Is there a Worm in your Apple?
There is a commonly held belief that it is harder for a Mac to become infected by Malware than it is for a Windows PC, a belief that has been peddled by Apple itself as in this advertising campaign of a few years ago.
Is this advert telling the truth?
Well yes, it is true that Apple viruses are extremely rare, however the reasons from this are not as clear cut as Apple would like the consumer to think. As is usual with such claims, the truth is not just that Apple devices have supercomputer immunity to all viruses and computers running Windows are coughing, spluttering, germ factories.
So why don’t Apples get viruses?
The UNIX based system incorporated into Mac OS X is undoubtedly reliable and resistant to an attack from a “virus” (i.e. malware that is capable of copying itself) but not immune from them. In fact the Morris Worm, the very first worm ever distributed by the internet took advantage of vulnerabilities in Unix.
But if viruses can and have been designed for Unix, why do Macs remain (so far) relatively unaffected by viruses, whereas Windows has the plague?
This undoubtedly comes down to rational economics. Viruses are not cheap to produce; they require significant time and skill to create. The virtual monopoly that Windows enjoys in the commercial computer market has made it the primary target for every hacker this generation has produced. Until a short time ago Apple devices were almost solely reserved for the creative industries and education, their high cost precluding them from businesses requiring more than a few machines and the majority of households.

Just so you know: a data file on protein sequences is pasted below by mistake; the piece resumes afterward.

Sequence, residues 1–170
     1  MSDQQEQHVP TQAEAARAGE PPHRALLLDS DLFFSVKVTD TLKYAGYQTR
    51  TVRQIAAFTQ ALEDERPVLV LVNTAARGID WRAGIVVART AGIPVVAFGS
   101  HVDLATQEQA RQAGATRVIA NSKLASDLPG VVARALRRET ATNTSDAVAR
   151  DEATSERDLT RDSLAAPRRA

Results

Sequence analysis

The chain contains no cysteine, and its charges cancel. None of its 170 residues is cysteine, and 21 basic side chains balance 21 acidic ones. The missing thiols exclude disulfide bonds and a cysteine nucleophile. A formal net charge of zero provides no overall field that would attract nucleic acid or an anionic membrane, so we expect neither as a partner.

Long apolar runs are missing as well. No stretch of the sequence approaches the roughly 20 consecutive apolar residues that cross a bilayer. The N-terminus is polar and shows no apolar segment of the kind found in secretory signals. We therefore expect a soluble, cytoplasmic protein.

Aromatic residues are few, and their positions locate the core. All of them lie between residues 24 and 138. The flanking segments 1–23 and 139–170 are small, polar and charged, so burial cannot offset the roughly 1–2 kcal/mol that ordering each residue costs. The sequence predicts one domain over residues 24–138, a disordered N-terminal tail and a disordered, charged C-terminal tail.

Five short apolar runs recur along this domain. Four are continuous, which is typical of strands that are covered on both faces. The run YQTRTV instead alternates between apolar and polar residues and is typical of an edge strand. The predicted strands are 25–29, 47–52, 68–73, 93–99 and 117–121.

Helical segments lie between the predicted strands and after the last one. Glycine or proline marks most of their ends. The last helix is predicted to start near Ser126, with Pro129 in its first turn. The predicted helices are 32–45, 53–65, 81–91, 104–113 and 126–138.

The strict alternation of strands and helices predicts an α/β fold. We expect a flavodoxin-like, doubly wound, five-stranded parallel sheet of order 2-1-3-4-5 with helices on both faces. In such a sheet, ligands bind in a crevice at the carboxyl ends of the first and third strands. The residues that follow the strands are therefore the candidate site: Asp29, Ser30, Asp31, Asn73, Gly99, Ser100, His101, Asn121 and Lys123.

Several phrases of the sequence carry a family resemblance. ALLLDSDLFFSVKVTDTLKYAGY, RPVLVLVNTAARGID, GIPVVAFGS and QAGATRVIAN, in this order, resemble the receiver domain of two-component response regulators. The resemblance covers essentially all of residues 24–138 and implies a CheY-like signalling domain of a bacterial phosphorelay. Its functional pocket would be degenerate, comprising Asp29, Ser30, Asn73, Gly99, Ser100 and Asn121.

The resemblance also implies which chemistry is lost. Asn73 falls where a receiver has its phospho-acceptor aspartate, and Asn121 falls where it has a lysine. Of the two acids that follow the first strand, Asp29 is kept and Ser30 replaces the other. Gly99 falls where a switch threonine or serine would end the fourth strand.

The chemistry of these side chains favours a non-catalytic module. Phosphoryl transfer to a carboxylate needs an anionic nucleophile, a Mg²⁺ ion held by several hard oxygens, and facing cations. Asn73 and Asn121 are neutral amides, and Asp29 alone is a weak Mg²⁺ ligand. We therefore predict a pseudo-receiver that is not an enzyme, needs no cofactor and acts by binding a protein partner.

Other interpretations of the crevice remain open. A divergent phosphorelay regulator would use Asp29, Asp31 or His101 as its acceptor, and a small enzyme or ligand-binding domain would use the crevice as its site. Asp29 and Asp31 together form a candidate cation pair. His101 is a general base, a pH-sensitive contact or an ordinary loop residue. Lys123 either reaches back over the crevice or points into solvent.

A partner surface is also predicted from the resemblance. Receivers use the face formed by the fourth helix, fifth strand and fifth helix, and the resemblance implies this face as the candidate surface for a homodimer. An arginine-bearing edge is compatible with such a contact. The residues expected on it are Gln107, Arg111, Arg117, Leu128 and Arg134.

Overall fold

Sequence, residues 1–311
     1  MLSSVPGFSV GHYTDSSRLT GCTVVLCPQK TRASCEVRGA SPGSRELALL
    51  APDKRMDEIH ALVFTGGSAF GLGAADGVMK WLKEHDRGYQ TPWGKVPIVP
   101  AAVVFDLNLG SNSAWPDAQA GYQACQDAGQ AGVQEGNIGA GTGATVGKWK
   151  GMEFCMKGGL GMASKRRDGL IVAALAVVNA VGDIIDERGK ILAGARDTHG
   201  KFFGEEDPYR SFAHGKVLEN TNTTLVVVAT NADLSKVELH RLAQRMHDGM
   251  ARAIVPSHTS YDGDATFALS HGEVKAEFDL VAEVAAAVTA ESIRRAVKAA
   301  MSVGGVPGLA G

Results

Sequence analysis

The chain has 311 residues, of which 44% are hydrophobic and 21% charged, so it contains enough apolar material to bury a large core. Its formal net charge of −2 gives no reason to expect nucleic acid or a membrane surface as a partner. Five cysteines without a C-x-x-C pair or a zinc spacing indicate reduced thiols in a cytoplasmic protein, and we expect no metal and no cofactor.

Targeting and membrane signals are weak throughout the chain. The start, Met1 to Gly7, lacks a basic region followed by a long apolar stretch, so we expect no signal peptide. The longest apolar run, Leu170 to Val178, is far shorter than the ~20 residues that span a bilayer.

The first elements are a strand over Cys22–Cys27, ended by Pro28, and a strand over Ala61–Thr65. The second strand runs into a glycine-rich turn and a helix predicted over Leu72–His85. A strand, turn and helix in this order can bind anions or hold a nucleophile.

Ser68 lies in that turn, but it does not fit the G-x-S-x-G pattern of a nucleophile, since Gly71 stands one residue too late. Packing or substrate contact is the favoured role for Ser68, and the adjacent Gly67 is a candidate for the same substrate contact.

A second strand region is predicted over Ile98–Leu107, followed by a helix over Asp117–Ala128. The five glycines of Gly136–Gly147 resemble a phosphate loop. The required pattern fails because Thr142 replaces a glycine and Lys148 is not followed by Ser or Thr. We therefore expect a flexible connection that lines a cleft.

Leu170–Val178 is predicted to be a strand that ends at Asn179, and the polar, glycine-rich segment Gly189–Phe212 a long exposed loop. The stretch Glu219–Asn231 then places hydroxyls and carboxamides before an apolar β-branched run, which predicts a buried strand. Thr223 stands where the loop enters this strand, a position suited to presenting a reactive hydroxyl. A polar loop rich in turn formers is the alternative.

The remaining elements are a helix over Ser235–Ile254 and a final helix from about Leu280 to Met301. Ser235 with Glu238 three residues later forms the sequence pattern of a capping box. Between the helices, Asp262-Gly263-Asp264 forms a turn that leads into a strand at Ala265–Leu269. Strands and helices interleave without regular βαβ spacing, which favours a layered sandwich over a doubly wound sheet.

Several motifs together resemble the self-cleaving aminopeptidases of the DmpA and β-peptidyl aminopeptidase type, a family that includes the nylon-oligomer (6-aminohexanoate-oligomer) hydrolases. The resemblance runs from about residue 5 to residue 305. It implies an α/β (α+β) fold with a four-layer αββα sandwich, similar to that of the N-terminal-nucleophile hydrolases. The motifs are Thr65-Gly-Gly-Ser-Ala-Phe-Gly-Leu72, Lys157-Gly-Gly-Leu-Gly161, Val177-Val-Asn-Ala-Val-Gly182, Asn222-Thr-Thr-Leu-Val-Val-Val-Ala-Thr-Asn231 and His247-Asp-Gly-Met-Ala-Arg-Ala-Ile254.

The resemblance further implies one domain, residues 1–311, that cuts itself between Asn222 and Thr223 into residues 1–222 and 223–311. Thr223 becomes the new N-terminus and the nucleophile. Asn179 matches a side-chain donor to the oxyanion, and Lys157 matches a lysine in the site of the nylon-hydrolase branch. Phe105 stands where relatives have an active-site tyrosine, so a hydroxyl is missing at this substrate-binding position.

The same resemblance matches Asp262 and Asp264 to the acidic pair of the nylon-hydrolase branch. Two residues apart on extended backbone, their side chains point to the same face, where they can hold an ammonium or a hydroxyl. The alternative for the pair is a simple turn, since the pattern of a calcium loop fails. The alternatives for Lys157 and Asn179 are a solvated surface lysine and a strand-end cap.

So where do we stand today?
You would have had to have been living on another planet not to notice the influx of Apple devices in the last few years. If Apple were a country it would have the 65th biggest economy in the world and be bigger than Ecuador. But if we look at the market share for Desktop Operating Systems, then you will see below that despite increasing its share in the last few years Apple is still only a small part.
Therefore we must consider that if a generation of hackers have grown up coding viruses for Windows machines and Windows still has a 90% share of the desktop OS market, why should we expect a significant increase in the prevalence of malware for Macs?
So Apple owners can sleep soundly right?
Well not quite, as above we have shown that remains unlikely for a Mac to be infected by a “virus”, however this is only one type of malware and as the title suggest Macs are not immune to “worms”, “Trojans” or “spyware”. All these forms of malware can survive in the Mac environment, however they will not self-replicate.
There will certainly be a direct correlation between the prevalence of Apple products and the prevalence of malware aimed at those devices. However most of these will still require some unwitting assistance to make their way on to your device.
So what should I do?
All normal precautions should be taken with Macs as they are with Windows PCs. Don’t download counterfeit software or pirated files, be wary of unsolicited links in emails, especially when they come from friends or contacts and make sure passwords are sufficiently complex to make them difficult to crack or guess.